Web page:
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Given a 12V, 100A battery with a 1000w inverter, how many amps would a generic standard european 220V, 500W appliance draw per hour from the battery itself?

I know wattage equals volts times amps, but in this system I'm wondering which of the volts I should use in my calculations. Will it draw 2.27(500/220) Amps or maybe 41(500/12) from the battery itself, or would it use some sort of a different, not so conspicuous formula?

( I'm trying to calculate how many off the grid hours I would get with such a setup, so getting this calculation can allow me to calculate based on real appliances that I plan on using, and maybe switch to a 24V battery/inverter system for thinner wires, but these are just details until I know how the math itself works.)

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You've got a few problems/misconceptions. First there's no such thing as a 100-amp battery; however 100 amp-hour would be typical of a car-battery-sized thing. An amp-hour is an amp for an hour.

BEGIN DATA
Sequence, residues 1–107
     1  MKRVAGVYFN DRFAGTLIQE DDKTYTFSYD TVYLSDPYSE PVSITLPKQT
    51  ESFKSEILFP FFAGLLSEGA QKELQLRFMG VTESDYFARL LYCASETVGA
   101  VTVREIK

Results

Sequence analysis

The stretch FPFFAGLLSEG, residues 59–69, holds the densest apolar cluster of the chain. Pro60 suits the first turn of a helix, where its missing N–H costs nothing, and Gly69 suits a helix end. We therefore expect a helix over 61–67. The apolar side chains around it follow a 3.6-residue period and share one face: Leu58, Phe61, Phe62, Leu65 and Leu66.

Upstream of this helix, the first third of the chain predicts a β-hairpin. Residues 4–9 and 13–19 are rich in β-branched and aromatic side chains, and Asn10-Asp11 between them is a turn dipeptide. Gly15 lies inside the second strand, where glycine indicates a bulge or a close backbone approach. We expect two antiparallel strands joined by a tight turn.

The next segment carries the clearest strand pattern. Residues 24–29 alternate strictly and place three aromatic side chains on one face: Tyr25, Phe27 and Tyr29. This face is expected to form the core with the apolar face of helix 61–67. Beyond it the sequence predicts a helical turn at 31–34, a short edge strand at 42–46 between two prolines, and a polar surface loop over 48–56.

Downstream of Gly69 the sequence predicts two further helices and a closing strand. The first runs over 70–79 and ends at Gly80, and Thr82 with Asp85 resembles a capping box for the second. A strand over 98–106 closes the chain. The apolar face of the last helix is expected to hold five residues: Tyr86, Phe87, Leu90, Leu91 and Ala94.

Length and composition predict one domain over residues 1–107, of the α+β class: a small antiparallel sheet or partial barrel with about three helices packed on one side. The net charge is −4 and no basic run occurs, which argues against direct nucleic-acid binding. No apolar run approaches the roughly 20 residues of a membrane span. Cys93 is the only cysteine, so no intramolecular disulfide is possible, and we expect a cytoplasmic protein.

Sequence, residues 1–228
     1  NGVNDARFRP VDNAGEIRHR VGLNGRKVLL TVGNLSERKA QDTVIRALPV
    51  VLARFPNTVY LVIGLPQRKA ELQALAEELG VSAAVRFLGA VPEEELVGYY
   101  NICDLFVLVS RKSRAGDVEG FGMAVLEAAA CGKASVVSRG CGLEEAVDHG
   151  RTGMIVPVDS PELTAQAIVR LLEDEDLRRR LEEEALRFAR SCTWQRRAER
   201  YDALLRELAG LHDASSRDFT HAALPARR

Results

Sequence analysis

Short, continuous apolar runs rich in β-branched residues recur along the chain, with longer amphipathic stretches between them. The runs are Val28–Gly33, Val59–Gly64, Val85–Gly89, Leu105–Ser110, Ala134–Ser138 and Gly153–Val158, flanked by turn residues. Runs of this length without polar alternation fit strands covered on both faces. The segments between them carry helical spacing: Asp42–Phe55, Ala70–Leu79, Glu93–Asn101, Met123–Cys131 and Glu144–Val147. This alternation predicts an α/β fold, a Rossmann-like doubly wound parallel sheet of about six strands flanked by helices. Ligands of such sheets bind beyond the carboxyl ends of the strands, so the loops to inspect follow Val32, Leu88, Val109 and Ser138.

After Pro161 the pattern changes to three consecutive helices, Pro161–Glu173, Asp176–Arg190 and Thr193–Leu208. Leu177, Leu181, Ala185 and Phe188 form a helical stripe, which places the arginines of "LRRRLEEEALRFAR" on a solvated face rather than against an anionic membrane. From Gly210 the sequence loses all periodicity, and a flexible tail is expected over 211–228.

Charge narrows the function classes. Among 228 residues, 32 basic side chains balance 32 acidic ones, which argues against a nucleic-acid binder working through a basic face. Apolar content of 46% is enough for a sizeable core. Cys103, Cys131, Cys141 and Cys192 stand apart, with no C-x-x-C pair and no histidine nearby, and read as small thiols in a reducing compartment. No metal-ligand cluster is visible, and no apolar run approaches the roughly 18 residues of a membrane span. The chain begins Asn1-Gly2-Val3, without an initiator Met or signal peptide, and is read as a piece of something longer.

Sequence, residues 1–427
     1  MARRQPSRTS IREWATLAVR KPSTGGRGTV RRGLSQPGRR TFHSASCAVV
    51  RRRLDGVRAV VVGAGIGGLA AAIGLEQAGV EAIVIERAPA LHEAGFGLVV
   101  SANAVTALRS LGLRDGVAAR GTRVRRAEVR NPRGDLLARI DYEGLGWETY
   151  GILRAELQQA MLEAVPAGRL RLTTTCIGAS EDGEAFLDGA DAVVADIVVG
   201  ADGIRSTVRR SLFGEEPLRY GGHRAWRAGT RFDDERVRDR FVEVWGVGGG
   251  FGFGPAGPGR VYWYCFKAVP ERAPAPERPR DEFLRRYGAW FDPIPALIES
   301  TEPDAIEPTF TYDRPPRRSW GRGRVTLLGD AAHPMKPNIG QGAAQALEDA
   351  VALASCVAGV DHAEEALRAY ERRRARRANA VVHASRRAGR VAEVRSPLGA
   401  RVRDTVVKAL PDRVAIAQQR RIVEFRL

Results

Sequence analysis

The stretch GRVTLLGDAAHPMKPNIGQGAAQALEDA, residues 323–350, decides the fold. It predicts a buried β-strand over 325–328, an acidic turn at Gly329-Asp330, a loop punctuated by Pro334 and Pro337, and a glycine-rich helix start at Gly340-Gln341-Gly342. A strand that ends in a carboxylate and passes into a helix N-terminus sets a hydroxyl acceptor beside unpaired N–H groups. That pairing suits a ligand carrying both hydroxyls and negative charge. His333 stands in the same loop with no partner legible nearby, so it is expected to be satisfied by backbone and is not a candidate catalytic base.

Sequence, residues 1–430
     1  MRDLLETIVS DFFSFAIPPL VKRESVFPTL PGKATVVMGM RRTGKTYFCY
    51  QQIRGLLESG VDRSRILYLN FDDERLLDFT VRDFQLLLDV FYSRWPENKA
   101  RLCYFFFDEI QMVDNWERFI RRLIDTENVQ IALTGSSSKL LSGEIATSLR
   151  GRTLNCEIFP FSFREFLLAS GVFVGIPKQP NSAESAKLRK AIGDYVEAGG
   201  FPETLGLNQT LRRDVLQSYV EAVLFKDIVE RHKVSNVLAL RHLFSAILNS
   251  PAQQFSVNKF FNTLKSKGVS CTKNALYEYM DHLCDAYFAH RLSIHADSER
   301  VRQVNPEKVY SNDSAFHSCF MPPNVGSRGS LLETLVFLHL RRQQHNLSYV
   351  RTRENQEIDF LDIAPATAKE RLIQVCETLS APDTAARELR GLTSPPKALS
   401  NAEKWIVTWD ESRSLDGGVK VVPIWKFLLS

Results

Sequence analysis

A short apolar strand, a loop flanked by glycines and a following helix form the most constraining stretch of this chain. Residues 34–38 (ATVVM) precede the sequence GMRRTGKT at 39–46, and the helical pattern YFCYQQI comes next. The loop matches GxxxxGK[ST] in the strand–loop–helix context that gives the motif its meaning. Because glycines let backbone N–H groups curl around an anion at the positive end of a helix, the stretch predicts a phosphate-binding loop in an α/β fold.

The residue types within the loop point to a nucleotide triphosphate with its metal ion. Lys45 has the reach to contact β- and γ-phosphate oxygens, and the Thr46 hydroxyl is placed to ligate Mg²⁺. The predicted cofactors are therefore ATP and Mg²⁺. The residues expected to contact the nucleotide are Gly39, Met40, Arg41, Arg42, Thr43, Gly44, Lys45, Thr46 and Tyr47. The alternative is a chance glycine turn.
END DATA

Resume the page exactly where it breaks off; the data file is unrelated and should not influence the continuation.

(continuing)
Second, you can't get 100 amp-hours out of a 100Ah lead-acid battery, at least not for very many cycles. That would be 100% depth of discharge, and that is very destructive to lead-acid batteries particularly. That's something you just have to know about lead-acid; if you use more than about 30% of nameplate capacity, you will be doing damage, shortening battery life and reducing capacity. That is a downside of lead-acid. The upside is the price.

If you want a battery that does exactly what it says on the tin, try nickel-iron.

And with a solar setup, you typically want a 3-day battery capacity to bridge you across cloudy/stormy days. It's OK if that dips somewhat into the "don't cycle every day" level, but that means an average day should only dip a lead-acid by 15-20%.


Another thing you'll need to know is that inverters take a significant amount of power simply to be spun up. (Inverters don't literally spin, but they draw standby power as if they did).